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Bible Commentaries
Psalms 48

Utley's You Can Understand the BibleUtley Commentary

Introduction

Psalms 48:0

STROPHE DIVISIONS OF MODERN TRANSLATIONS

NASB NKJV NRSV TEV NJB
The Beauty and Glory of Zion MT Intro A Song; a Psalm of the sons of Korah The Glory of God in Zion A Song Celebrating the Beauty and Security of Zion Zion, the City of God Zion, the Mountain of God
Psalms 48:1-3 Psalms 48:1-3 Psalms 48:1-3 Psalms 48:1-3 Psalms 48:1-3
Psalms 48:4-8 Psalms 48:4-7 Psalms 48:4-8 Psalms 48:4-7 Psalms 48:4-5
Psalms 48:6-7
Psalms 48:8 Psalms 48:8 Psalms 48:8
Psalms 48:9-14 Psalms 48:9-11 Psalms 48:9-11 Psalms 48:9-11 Psalms 48:9-10b
Psalms 48:10-13b
Psalms 48:12-14 Psalms 48:12-14 Psalms 48:12-14
Psalms 48:13-14

READING CYCLE THREE (see “Guide to Good Bible Reading”)

FOLLOWING THE ORIGINAL AUTHOR'S INTENT AT PARAGRAPH LEVEL

This is a study guide commentary which means that you are responsible for your own interpretation of the Bible. Each of us must walk in the light we have. You, the Bible, and the Holy Spirit are priority in interpretation. You must not relinquish this to a commentator.

Read the chapter in one sitting. Identify the subjects (reading cycle #3). Compare your subject divisions with the five translations above. Paragraphing is not inspired, but it is the key to following the original author's intent, which is the heart of interpretation. Every paragraph has one and only one subject.

1. First paragraph

2. Second paragraph

3. Third paragraph

4. Etc.

CONTEXTUAL INSIGHTS

A. This Psalm is about God's special city and people. He is with them and for them. See Isaiah 26:0, Contextual Insights, D. online at www.freebiblecommentary.org for the imagery of “city.”

B. Does this Psalm imply that Jerusalem in Israel will be the physical capital of the new age?

Using the terminology of this Psalm, how does one explain the capture, sacking, and occupying of Jerusalem by many different nations throughout history?

C. I have struggled with this issue because it is the heart of millennial theories. Please see my conclusions in the Special Topic: OT Predictions of the Future versus NT Predictions.

Verses 1-3

NASB (UPDATED) TEXT: Psalms 48:1-3 1Great is the Lord, and greatly to be praised, In the city of our God, His holy mountain. 2Beautiful in elevation, the joy of the whole earth, Is Mount Zion in the far north, The city of the great King. 3God, in her palaces, Has made Himself known as a stronghold.

Psalms 48:1-3 Notice the different ways Jerusalem and her different hills are characterized.

1. the city of our God, Psalms 48:1

2. His holy mountain, Psalms 48:1; Psalms 48:1

3. beautiful in elevation (BDB 832, only here in the OT, possibly a superlative marker, most beautiful)

4. the joy of the whole earth, Psalms 48:2

5. Mount Zion in the far north (or “north” = Zaphon, the mountain of the Canaanite gods north of Ugarit, cf. NIDOTTE, vol. 3, pp. 836), Psalms 48:2

6. the city of the great King, Psalms 48:2

7. God has made Himself known, in her palaces, as a stronghold, Psalms 48:3

These descriptions refer both to the temple on Mt. Moriah and the whole city of Jerusalem, often called Zion.

Psalms 48:1 “the city of our God” This phrase can refer to several ideas.

1. the city linked to Melchezedek Genesis 14:18 (i.e., Salem)

2. the city where YHWH caused His name to dwell Deuteronomy 12:5, Deuteronomy 12:11, Deuteronomy 12:21; Deuteronomy 14:23, Deuteronomy 14:24; Deuteronomy 16:2, Deuteronomy 16:6, Deuteronomy 16:11; Deuteronomy 26:2

3. the city David captured from the Canaanites (i.e., Jebus), which later became his capital 1 Samuel 5:7, 1 Samuel 5:9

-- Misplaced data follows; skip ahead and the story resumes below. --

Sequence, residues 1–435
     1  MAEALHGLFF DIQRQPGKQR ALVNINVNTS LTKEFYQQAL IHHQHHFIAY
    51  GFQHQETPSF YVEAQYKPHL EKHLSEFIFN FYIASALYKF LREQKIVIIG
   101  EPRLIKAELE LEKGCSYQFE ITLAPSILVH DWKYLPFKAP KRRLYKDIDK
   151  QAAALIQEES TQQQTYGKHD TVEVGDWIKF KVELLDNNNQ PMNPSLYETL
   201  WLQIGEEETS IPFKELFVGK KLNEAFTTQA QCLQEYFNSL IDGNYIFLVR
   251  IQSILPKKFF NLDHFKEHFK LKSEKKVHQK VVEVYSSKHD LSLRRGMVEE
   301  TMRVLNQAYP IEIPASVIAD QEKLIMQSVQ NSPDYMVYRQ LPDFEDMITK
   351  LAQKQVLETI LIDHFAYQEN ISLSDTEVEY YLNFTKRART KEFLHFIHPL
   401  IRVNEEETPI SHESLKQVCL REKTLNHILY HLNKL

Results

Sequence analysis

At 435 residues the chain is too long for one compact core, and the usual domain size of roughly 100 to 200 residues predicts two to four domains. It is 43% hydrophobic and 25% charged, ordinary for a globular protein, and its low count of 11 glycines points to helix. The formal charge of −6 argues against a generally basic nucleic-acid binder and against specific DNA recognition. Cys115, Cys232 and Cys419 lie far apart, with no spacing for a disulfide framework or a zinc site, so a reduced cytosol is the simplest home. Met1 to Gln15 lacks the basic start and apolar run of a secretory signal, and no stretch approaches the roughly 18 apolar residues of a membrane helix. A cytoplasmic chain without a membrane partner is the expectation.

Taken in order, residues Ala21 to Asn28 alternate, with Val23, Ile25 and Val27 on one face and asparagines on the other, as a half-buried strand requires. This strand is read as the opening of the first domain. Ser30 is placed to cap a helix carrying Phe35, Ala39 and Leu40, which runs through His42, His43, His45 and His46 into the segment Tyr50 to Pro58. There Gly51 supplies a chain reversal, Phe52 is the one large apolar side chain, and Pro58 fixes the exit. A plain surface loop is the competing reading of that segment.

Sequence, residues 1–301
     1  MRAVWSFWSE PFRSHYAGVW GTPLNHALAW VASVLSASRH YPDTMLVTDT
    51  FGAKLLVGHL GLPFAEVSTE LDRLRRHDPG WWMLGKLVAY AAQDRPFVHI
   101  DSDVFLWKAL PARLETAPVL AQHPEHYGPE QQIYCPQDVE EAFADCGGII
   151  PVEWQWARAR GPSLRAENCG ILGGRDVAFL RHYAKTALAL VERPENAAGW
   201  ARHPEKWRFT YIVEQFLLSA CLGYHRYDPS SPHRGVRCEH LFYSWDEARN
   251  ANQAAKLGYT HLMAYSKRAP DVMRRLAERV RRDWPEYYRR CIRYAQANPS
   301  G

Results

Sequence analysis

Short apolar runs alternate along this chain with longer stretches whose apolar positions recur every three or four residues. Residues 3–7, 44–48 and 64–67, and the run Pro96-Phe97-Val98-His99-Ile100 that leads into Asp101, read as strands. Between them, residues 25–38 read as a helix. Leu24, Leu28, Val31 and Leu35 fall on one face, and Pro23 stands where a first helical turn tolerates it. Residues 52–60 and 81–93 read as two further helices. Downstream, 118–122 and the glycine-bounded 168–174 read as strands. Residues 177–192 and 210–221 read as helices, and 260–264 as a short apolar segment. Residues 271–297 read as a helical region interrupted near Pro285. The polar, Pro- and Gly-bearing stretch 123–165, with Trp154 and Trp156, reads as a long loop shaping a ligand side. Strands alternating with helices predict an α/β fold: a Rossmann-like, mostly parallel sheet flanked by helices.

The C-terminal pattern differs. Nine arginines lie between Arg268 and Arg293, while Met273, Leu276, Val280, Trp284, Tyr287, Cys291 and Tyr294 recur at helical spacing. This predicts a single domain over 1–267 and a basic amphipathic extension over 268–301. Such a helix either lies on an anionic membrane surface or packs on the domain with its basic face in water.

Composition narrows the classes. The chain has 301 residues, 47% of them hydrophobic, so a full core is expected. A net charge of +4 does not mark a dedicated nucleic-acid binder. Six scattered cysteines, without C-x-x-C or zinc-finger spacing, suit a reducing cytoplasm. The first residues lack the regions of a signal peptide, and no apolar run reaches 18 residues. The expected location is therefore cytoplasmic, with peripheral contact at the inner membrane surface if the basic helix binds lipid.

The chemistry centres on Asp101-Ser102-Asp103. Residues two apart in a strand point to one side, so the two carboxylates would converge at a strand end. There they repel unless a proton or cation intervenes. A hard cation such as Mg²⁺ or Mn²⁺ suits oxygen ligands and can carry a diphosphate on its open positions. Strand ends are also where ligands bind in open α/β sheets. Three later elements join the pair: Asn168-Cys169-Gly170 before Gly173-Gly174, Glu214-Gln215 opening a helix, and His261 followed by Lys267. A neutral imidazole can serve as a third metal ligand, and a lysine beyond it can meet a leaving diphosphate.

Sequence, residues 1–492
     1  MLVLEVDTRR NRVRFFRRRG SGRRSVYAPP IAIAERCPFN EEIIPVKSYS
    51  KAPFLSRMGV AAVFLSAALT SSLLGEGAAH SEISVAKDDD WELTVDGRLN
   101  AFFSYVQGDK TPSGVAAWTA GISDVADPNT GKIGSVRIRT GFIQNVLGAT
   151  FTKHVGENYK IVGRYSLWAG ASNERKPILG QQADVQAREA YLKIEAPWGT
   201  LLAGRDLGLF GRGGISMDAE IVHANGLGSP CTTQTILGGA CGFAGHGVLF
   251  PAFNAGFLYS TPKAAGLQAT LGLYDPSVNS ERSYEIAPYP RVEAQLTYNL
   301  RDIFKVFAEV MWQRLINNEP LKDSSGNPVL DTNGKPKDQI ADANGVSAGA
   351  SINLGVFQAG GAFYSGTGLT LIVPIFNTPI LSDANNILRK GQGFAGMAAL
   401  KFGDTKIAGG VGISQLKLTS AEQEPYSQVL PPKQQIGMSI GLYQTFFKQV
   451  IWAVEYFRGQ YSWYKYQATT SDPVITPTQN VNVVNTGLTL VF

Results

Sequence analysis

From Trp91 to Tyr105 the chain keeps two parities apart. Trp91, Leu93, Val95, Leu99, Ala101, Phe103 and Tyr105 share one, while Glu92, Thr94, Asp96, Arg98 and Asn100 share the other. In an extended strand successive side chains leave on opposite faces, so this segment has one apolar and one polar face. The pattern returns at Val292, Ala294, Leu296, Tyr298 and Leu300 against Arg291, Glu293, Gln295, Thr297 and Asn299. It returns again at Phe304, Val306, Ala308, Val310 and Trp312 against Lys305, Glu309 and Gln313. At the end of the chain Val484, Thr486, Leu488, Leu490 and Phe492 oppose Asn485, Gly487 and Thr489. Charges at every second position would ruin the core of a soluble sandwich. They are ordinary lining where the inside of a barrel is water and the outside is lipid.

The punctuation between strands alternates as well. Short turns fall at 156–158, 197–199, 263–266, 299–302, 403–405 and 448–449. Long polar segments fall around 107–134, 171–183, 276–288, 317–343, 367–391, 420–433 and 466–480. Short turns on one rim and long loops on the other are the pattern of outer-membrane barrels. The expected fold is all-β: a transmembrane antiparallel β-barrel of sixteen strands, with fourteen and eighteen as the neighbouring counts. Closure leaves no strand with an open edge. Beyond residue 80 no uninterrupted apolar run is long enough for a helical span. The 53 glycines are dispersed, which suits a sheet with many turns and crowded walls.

4. the city linked to the angel of the Lord stopping the plague; purchased by David as site of the future temple 2 Samuel 24:15-17, 2 Samuel 24:18-25; 2 Chronicles 3:1 (i.e., Mt. Moriah, possible site of the offering of Isaac, Genesis 22:2)

5. Zion, same as Jebus 2 Samuel 5:7; 1 Chronicles 11:5 (i.e., way of referring to the whole city of Jerusalem, although it was built on seven hills, Zion became the common designation

The problem with Psalms 48:0 is verse Psalms 48:2, “Mount Zion in the far north.” These are only theories.

1. It is metaphorical for heaven where YHWH dwells Isaiah 14:13a,b; Revelation 3:12; Revelation 21:2, Revelation 21:10

2. It, like other Psalms, incorporates some Canaanite mythological terminology (i.e., Zaphon = Hebrew “north,” BDB 8) Isaiah 14:13c,d; Ezekiel 28:14

It was common in ANE religious thought to view the gods as living on mountain tops (cf. Gilgamesh Epic). This is especially true for the Ugaritic Ba'al myth poems from Ras Shamra. The gods met and lived on a northern mountain called Saphon or Zaphon. Ba'al had a throne there built by Anath. The male god of Phoenician fertility worship was called Baal Saphon. This name has been found in Phoenician colonies around the Mediterranean. This northern mountain tradition, totally unrelated to Israel's holy Mt. Moriah (cf. Ps. 20:40), seems to be the source of the imagery of both Isaiah 14:13-15 and Ezekiel 28:14, Ezekiel 28:16. See Roland de Vaux, Ancient Israel, vol. 2, pp. 279-281.

3. Some scholars suggest a different division of the Hebrew consonants, “on the northern side of the city”

The concept of “city” as a way of referring to the place of YHWH's special presence continues in the NT.

Psalms 48:1. Hebrews 11:10 “for he (Abraham) was looking for the city which has foundations, whose architect and builder is God”

Psalms 48:2. Hebrews 12:22 “you have come to Mount Zion and to the city of the living God, the heavenly Jerusalem”

Psalms 48:3. Hebrews 13:14 “we do not have a lasting city, but we are seeking the city which is to come”

Psalms 48:4. Revelation 3:12 “the name of the city of My God, the new Jerusalem, which comes down out of heaven from My God”

Psalms 48:5. Revelation 21:2, Revelation 21:10 “the city, new Jerusalem, coming down out of heaven from God”

Psalms 48:2 “mountains” For the ANE, mountains were the home of the gods. In Babylon, which had no natural mountain, they built elevated towers (i.e., ziggurat, cf. Genesis 11:3-4) for a place for heaven and earth to meet.

In Israel's history there are several significant mountains.

1. Mt. Sinai where YHWH met Israel and gave her the law (cf. Exodus 19-20)

2. Mt. Zion, the city of David (Salem [Genesis 14:0], later Jebus [2 Samuel 5:6-10])